Mobile Sports Bettors Show Greater Resilience and Sensitivity to Economic Headwinds
New TransUnion research highlights the challenge for online operators in identifying resilient and distressed consumers
In the midst of rising inflation and its impact on consumer personal savings rates, TransUnion (NYSE: TRU) conducted new research examining the financial status and behaviors of consumers who engage in mobile sports betting. The research found that more than half (54%) of mobile sports bettors earn high incomes—earning $100,000 or more—yet many are concerned about inflation and its impact on their ability to keep making credit payments in the future.
Consumer liquidity was a critical component of this research. Tracking it and its relationship to the industry’s performance can help operators understand how wider economic factors can impact share of wallet, lifetime player value and responsible gaming risk.
While the vast majority of mobile sports bettors appeared to be in good financial standing based on their incomes and savings, a higher percentage indicated they have trouble paying bills and are using short-term credit services, like payday loans compared to the total population. The research was conducted via an online survey of 2,739 adults in May 2022. A full report of the findings is available in the new “Consumer Pulse Online Sports Betting Study.”
“At face value, most of the consumers engaging in mobile sports betting can likely afford to do so,” said Declan Raines, head of U.S. Gaming at TransUnion. “At the same time, our findings demonstrate how important it is, especially during a time of economic uncertainty, that operators utilize comprehensive data to identify both resilient and distressed consumers. Doing so can help operators protect players and provide a safer experience to consumers engaged in regulated betting.”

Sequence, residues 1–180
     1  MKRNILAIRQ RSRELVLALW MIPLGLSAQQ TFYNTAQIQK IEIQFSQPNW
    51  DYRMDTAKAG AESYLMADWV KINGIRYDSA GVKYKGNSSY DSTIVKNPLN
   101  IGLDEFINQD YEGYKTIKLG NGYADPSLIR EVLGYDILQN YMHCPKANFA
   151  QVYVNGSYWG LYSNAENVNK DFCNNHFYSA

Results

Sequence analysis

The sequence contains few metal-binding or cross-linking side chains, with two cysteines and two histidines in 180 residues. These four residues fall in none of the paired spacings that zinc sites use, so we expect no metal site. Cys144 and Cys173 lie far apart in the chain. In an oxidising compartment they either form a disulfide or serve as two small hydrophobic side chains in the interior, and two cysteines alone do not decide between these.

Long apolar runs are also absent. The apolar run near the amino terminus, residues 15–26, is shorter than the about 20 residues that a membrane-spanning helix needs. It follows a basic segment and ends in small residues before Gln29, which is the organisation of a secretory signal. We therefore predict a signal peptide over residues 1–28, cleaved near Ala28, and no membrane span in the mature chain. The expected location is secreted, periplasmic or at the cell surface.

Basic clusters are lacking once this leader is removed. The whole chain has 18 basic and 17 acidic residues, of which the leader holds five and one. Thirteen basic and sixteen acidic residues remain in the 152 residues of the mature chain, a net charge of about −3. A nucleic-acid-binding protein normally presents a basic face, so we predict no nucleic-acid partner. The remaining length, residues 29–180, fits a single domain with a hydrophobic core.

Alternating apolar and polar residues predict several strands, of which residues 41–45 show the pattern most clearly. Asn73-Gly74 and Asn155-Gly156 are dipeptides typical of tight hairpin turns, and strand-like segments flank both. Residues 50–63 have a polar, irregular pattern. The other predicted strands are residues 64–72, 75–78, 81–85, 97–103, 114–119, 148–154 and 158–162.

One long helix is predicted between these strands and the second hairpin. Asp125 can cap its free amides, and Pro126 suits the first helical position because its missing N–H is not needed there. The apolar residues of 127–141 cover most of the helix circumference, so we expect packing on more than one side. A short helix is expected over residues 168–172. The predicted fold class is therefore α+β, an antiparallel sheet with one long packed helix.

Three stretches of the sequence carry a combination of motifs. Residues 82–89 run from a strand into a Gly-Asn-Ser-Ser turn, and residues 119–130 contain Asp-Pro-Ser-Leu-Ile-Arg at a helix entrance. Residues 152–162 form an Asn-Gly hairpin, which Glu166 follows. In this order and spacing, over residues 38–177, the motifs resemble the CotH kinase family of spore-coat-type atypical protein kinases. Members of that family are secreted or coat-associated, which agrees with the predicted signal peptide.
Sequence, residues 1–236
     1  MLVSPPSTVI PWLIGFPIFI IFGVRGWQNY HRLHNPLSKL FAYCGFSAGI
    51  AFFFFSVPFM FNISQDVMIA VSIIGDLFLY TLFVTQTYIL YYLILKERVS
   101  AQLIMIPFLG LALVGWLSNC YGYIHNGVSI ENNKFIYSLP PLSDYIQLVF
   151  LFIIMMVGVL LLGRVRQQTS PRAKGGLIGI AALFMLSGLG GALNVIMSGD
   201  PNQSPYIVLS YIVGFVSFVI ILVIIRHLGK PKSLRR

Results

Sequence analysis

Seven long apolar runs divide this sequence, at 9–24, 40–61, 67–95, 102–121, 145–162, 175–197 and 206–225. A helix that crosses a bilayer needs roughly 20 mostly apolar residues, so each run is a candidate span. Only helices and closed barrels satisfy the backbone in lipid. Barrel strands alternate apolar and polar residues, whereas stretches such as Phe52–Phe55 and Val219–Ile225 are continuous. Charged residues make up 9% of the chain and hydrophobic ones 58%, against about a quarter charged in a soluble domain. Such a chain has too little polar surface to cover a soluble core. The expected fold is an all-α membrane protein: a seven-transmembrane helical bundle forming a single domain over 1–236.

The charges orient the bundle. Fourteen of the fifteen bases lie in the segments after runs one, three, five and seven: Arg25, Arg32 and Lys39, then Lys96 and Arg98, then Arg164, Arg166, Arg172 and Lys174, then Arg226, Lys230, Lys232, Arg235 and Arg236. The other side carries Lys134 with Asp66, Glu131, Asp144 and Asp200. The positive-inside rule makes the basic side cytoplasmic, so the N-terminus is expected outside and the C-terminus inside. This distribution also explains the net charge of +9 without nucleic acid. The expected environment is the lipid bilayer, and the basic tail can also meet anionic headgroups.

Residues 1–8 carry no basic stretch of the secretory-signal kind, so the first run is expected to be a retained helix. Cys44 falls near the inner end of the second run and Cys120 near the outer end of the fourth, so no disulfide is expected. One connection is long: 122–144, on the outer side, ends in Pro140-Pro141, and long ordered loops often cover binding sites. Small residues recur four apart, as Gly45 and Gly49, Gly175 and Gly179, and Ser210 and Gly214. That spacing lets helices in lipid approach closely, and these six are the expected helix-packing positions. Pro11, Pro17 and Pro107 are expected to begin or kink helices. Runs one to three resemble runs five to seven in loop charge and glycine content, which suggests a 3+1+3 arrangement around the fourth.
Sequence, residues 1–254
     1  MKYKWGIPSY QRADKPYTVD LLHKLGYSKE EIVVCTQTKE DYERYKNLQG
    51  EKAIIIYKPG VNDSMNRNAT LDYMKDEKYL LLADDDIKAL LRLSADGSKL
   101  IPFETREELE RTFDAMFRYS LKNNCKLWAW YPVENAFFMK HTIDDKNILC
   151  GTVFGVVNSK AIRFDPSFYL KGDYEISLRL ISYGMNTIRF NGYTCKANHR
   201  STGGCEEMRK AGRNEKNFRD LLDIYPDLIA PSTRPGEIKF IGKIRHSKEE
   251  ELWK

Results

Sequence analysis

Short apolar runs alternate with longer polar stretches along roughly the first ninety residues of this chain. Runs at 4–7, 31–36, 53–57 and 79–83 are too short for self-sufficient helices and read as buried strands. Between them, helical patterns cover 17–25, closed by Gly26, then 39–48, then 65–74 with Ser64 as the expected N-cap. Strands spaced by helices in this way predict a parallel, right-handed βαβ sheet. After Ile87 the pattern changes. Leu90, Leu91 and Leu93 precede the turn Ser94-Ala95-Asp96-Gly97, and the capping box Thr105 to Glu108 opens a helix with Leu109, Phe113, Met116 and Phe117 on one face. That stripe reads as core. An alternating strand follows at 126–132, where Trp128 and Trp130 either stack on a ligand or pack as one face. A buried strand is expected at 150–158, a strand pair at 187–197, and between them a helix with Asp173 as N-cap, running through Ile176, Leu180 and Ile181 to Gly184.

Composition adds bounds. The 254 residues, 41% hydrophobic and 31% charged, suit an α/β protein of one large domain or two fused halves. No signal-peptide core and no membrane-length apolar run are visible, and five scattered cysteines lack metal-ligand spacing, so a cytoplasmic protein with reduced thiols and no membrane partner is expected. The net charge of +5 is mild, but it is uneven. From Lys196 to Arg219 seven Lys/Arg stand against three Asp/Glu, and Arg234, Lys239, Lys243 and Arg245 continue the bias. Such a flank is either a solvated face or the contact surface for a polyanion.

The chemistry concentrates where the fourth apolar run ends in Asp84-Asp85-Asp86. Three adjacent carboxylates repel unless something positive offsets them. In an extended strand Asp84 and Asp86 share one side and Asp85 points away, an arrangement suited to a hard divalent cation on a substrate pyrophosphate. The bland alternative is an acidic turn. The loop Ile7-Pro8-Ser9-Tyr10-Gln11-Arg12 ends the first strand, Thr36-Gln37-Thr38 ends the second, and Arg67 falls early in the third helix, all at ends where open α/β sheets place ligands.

Mobile sports bettors are well funded, mostly optimistic
One key trend derived from the report: mobile sports bettors are seeing increased incomes and are generally more optimistic than most consumers.
Mobile Sports Bettors More Optimistic About their Finances
Mobile Sports Bettors
Income Increased Last Three Months
Expect Income to Increase Next Three Months
Optimistic About Household Finances Over Next 12 Months
Mobile sports bettors are also more likely to be employed, with 89% currently employed vs. 81% of the total population. In addition, 22% of mobile sports bettors indicated they had changed jobs for higher compensation in the last three months, compared to 7% of the wider population.
Despite strong financial performance and general optimism, mobile sports bettors expressed concern over inflation and more are taking action to protect themselves financially to mitigate the costs. TransUnion’s analysis found mobile sports bettors are saving more money in emergency funds and paying down debt faster than the total population. In addition, they also increased their use of available credit and used retirement savings at higher rates than the total population.
The research also identified a positive correlation between consumer liquidity and the gambling industry’s performance at both the macro and state level. Given this established relationship, the current financial hedging behavior exhibited by mobile sports bettors could likely indicate a slowdown in the near future for the sports betting industry.